Does Size Really Matter? The rise of the Nano and Micro Influencer

From a few hundred to a few million, influencers come in all shapes, sizes, color and follower count. If the past few years has shown us nothing other than the power and at times misuse of influence, having the right influencer marketing plan can increase both the visibility and profits of a brand, product or possibly an entire company. With the term influencer being one that can be applied easily as a bumper sticker on a car, how do you determine the right one for your business? 

If you are not familiar with the size bands, you may want to consider what type of pond you want to fish in to find someone to represent your brand. This will determine a lot of the action steps that you take next. 

Nano Influencer: 1,000 to 10,000 followers. 

Micro Influencers: 10,000 to 50,000 followers

Macro Influencers: 50,000 to 500,000 followers

Mid-Tier: 500,000 to 1 Million Followers

Celebrity: 1 Million+ Followers

As influencer status has become accessible by more and more people, the tiers have changed over the last year with the addition of Nano and Mid-tier and breaking it into five categories instead of three. Your first instinct may be to choose someone with a large following because of their audience size but that may not make sense for you. 

Each influencer category of course comes with pros and cons but what we have seen with a lot of budgets from PR and marketing companies is a focus on the Nano and Micro influencer.  Not everyone has  the budget to pay $1 Million for a post (Kylie Jenner’s asking price for a sponsored post) nor does every influencer want to take gifted products in exchange for a review/post. After all, it takes time and effort to create and shoot content even if it’s done as a solo team of one.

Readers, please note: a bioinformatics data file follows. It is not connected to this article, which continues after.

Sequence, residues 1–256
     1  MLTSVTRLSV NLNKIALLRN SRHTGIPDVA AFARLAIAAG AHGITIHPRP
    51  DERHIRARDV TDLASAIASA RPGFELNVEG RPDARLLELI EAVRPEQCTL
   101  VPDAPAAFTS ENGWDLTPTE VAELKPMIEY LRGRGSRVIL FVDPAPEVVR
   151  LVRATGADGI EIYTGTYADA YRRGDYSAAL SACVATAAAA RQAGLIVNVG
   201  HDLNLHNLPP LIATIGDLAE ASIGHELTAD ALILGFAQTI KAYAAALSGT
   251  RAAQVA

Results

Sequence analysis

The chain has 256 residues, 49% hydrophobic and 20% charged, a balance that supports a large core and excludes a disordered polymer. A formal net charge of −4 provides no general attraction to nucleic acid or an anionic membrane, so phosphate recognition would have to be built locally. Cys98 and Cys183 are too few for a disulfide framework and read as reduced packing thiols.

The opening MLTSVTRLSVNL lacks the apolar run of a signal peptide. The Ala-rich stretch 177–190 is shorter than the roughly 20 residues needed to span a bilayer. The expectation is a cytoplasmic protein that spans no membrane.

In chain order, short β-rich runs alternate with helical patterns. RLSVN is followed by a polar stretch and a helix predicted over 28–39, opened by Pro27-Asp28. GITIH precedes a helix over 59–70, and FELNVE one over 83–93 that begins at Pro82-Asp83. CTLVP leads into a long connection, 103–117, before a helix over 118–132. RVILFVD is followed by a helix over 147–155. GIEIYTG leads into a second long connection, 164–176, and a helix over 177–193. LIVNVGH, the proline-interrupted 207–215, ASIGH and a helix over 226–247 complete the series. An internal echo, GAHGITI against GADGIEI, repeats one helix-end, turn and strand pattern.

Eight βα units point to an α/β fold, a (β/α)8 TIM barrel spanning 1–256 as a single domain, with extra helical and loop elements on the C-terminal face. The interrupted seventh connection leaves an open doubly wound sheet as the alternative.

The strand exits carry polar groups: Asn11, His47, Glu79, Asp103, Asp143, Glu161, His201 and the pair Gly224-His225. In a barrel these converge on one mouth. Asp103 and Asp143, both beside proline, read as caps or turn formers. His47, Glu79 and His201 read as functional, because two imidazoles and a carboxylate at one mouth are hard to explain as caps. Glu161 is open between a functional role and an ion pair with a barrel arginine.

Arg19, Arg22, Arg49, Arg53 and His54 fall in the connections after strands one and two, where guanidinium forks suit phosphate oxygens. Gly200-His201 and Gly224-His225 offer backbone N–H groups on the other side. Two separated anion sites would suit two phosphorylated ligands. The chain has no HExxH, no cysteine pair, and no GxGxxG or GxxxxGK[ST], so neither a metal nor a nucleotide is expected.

The shift towards nano and micro influencers has shifted what companies look for in terms of community over followers. Typically those with smaller communities see higher engagement and more interactions with the people that follow them. They are relatable, everyday people who share their daily life. They work full time, are parents, travel, and do all of the things that someone in their proximity would do. At times the gap between the nano/micro influencers and Macro to Celebrity is perception of reality. I for example don’t have a glam squad that does my makeup daily or someone that follows me with a camera. As a young woman with a  full time job but finds paths to pursue my passion projects and more, I relate to women who look and have a life similar to mine. However for some who desire that life or is an outlet for them, they enjoy following those with that type of lifestyle. 

Things to consider when picking an influencer of any size. 

  1. Your Budget. The standard pay for posts is $50 per 1,000 followers. If a person has 5,000 followers, the equation would be $50 x 5= $250. If their engagement is high they may charge a bit more, but it could be an opportunity to offer a product in exchange for a post or a mix of both product and fee. 

  2. Your Audience. Who is your demographic? Is your influencer pick someone that they would relate to and appreciate seeing working with your brand? 

  3. Their Background. If you are using influencers, do your homework on them. Ensure that their videos, tweets, and posts relate to your brand messaging. Many companies have found themselves in hot water over the past year for working with those who have had less than desirable actions exposed on the internet. 

  4. Their Community. Does the influencer you want to work with have a community that would find your brand interesting or purchase worthy? A huge miss by some companies is choosing influence off following versus who their audience is. It is also the influencer’s responsibility to act as gate keeper for their content and coveted space to present things to their following that makes sense. 

  5. Your Goals. Most companies, especially new smaller brands, can benefit from using influencers to increase awareness of their brand, however it can’t depend on that alone. Influencer marketing should be part of your overall plan but not the entire thing. Influencers are sales people after all but can’t be your only source of PR and 

What is right for one company may not be right for another. There is not a one size fits all for influencer marketing. Doing your research and understanding your why is critical for any marketing campaign. It may be the person with 5,000 followers who gets you the right type of buyer versus the one with 50,000. It could be a mix of both. Take your time choosing who represents you. 

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